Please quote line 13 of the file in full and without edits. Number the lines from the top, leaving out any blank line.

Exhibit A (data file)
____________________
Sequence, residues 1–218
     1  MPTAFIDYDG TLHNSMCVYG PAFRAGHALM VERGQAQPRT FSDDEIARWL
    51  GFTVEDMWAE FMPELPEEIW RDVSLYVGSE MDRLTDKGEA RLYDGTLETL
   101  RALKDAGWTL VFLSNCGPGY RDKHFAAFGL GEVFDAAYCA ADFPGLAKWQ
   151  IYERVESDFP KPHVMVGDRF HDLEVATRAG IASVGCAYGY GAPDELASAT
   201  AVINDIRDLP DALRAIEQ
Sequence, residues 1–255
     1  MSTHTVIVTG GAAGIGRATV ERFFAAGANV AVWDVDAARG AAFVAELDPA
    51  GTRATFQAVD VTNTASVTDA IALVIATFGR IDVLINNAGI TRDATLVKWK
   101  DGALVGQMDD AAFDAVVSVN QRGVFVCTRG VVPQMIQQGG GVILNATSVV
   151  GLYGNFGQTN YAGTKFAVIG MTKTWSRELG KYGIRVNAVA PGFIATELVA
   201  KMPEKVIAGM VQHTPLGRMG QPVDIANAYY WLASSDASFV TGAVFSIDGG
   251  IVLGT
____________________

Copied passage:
   251  IVLGT